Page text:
Michael Hunter, MD on Medika Life

Three Pro Tips to Drop Your Prostate Cancer Risk

I AM A CANCER DOCTOR, AND I WANT to share some ways that you can lower the chances we will ever meet.

First, a quick look at the scope of the problem. Worldwide, there are over 1.4 million men with prostate cancer. Prostate cancer represents about seven percent of all cancer cases.

Each year, over 375 000 will die from prostate cancer. This mortality number is nearly four percent of all deaths related to cancer.

Such statistics haunt me, driving me to continue to explore how we can work harder on the front end — risk-reduction — to reduce the probability of being diagnosed with, or dying from, prostate cancer.

Prostate cancer — risk factors (fixed)

Like all types of cancer, the exact cause of this male cancer isn’t easy to determine. Multiple factors may be involved in many cases, including genetics and exposure to environmental toxins, like certain chemicals or radiation.

Anything that can raise your risk of a disease (such as cancer) is a risk factor. Some of the risk factors for being diagnosed with prostate cancer include:

  • Age. Prostate cancer risk rises with age. For whites with no family history of prostate cancer, the chances rise significantly after age 50. The risk increases for blacks or those with a close relative with prostate cancer at age 40. Approximately two-thirds of cases are among men 65 and older. However, the older a man with prostate cancer is, the less aggressive the disease tends to be, especially after age 70.
  • Inherited genetics (family history). For most men with prostate cancer, the genetic changes associated with prostate cancer are acquired during life and are present only in specific prostate cells. These somatic variants are not inherited. The American Cancer Society offers that inherited mutations cause up to ten percent of prostate cancer cases.
  • Race. The risk of prostate cancer is 1.8-times higher for African-American men (compared with white Americans). In addition, some studies indicate that prostate cancer tends to be more advanced among African-Americans. Interestingly, the risk is low in Africa and Japan but rises sharply for immigrants to higher-risk countries like the USA. We don’t know why.
  • Geography. Prostate cancer is more common in the Caribbean, North America, northwestern Europe, and Australia. Rates are lower in Asia, Africa, Central America, and South America.
Photo by National Cancer Institute on Unsplash

Prostate cancer — risk factors (changeable)

Here are some potentially modifiable risk factors:

  • Vitamin D. Did you know that in the USA, men living north of 40 degrees latitude have a higher risk of dying from prostate cancer than those who live more south. The Prostate Cancer Foundation explains that this may be secondary to lower levels of sunlight (and therefore vitamin D). Whether getting more vitamin D reduces prostate cancer risk remains unknown.
  • Smoking. Please don’t do it.
  • Diet. Some studies suggest dietary fat is associated with prostate cancer. Those in countries with a high-fat diet also are more likely to eat fewer fruits and vegetables. There is speculation that meat and dietary products play a role, given places where people consume many of them have a higher risk (compared with places where diet centers on rice, vegetables, and soy products). Is there high-level evidence of a diet: prostate cancer relationship, in my view? In a word, no. Here are some thoughts from the University of California, San Francisco (USA).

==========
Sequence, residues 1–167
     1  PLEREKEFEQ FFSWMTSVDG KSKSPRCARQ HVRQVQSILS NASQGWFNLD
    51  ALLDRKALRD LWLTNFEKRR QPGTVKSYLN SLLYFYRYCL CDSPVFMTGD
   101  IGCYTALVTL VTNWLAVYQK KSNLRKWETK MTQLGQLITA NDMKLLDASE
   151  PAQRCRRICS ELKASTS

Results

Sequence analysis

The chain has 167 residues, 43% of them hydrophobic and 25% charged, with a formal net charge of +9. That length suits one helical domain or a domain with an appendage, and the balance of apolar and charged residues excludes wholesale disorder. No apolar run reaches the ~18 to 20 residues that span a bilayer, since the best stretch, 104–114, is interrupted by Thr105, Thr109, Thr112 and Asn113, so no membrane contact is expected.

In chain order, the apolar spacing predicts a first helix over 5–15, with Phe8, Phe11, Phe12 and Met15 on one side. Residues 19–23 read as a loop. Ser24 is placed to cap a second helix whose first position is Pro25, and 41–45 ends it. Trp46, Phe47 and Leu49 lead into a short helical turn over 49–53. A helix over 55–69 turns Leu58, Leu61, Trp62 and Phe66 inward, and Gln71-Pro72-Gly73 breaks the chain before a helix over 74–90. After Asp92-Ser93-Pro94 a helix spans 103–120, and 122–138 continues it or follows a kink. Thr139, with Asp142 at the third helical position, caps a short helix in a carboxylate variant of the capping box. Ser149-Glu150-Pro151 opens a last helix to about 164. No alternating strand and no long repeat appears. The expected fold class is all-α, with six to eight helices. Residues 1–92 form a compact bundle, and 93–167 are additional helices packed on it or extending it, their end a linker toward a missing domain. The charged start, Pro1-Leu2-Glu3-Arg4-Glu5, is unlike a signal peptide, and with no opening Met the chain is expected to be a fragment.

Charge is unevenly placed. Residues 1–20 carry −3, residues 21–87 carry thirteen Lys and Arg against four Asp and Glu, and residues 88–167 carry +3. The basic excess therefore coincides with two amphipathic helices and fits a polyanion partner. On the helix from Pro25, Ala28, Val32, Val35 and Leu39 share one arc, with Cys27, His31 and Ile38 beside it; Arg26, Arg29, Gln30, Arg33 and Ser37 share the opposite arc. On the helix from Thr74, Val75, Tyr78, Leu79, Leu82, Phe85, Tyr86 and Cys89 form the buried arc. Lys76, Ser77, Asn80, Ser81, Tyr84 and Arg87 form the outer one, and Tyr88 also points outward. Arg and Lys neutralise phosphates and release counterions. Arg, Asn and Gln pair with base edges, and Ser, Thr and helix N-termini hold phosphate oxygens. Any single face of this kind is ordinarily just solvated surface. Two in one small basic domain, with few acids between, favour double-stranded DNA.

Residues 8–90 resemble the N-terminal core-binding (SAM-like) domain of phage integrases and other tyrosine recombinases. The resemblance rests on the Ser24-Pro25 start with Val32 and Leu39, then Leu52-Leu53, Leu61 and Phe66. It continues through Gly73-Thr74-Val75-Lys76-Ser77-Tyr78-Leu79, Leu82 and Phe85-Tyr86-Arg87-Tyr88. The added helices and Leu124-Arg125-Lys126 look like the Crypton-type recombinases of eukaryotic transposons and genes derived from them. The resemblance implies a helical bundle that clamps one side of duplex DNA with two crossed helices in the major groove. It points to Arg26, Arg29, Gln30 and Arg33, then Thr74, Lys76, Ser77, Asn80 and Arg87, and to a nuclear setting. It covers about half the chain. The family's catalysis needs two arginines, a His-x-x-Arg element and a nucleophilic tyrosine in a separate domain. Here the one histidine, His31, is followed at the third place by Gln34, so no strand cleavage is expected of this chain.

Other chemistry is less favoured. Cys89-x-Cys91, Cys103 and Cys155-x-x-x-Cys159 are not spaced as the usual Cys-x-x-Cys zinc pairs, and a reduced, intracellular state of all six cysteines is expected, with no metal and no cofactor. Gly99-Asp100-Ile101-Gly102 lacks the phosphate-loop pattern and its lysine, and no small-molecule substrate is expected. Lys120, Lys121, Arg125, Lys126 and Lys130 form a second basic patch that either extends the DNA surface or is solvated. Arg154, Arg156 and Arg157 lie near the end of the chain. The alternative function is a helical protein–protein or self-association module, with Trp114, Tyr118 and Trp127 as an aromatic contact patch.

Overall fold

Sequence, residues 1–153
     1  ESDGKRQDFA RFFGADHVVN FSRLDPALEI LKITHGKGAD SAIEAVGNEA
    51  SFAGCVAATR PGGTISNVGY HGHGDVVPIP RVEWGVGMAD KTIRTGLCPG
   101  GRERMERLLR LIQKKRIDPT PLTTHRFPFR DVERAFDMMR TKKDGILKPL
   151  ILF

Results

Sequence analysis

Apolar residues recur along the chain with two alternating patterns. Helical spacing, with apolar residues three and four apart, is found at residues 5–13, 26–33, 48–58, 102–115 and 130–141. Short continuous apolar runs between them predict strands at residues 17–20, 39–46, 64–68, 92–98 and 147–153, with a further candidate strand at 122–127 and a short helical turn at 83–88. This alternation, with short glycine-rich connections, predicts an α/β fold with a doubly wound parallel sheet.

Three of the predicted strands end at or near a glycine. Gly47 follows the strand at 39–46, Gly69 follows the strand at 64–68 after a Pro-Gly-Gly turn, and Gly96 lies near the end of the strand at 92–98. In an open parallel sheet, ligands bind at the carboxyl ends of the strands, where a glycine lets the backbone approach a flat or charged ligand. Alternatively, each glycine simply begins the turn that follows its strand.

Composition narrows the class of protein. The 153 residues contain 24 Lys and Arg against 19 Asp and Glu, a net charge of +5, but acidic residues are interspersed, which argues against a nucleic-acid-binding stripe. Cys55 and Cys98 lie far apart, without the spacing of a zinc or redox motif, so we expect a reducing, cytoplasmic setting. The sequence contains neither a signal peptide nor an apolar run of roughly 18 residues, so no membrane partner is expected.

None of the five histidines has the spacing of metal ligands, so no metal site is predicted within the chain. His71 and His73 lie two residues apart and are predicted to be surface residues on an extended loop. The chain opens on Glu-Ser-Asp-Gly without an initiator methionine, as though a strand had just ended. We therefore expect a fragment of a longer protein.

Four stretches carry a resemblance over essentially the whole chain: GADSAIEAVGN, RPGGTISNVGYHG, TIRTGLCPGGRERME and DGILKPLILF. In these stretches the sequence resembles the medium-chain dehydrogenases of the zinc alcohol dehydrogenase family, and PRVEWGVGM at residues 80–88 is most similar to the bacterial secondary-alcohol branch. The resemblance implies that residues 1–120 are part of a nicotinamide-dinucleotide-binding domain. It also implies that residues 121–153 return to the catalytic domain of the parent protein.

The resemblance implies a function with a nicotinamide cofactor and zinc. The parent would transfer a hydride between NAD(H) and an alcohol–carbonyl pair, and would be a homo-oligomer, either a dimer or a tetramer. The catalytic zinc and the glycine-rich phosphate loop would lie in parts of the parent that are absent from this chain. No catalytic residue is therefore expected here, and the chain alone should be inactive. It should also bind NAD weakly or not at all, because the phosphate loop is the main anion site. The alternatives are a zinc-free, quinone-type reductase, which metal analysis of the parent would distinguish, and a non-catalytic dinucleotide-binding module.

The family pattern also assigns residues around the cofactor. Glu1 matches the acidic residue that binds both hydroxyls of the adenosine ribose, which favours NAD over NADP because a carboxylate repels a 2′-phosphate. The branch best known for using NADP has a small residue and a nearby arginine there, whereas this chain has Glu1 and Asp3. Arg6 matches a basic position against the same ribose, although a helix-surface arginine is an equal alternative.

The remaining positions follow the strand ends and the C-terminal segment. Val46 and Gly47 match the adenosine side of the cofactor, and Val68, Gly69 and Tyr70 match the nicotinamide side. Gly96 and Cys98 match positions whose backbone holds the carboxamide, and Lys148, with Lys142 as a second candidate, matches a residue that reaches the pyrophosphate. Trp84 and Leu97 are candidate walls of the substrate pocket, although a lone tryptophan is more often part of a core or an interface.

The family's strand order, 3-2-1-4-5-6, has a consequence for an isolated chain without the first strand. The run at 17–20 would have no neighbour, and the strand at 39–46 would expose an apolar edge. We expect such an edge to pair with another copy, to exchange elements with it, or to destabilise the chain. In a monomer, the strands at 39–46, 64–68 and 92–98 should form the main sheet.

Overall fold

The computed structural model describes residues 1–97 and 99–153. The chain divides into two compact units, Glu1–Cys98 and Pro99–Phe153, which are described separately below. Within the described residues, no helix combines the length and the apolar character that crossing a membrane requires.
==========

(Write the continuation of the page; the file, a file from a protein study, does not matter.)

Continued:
• Obesity. While being obese may not raise one’s risk of prostate cancer, the extra pounds may increase your risk of getting more aggressive prostate cancer. That’s the conclusion of some, but not all, research.
  • Sedentary behavior. Here’s the take of the Seattle Cancer Care Alliance: Studies have found that men who get regular physical activity have a slightly lower risk of prostate cancer. Vigorous activity may have a more significant effect, especially on the risk of advanced prostate cancer. Also, physical activity is associated with better survival in men with prostate cancer. About three hours a week of modestly vigorous activity may substantially improve prostate cancer survival.
  • Ejaculate frequently. Men who ejaculate frequently have a lower chance of being diagnosed with prostate cancer. Perhaps they are clearing irritants out of the prostate.

Prostate cancer risk reduction — Action

Thank you for joining me today. The takeaway? Watch your weight, get some physical activity, and consider vitamin D (with K2). Frequent ejaculation may lower risk, too.

Thank you for joining me.


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Michael Hunter, MD
Michael Hunter, MD
I received an undergraduate degree from Harvard, a medical degree from Yale, and trained in radiation oncology at the University of Pennsylvania. I practice radiation oncology in the Seattle area.

Michael Hunter, MD

I received an undergraduate degree from Harvard, a medical degree from Yale, and trained in radiation oncology at the University of Pennsylvania. I practice radiation oncology in the Seattle area.

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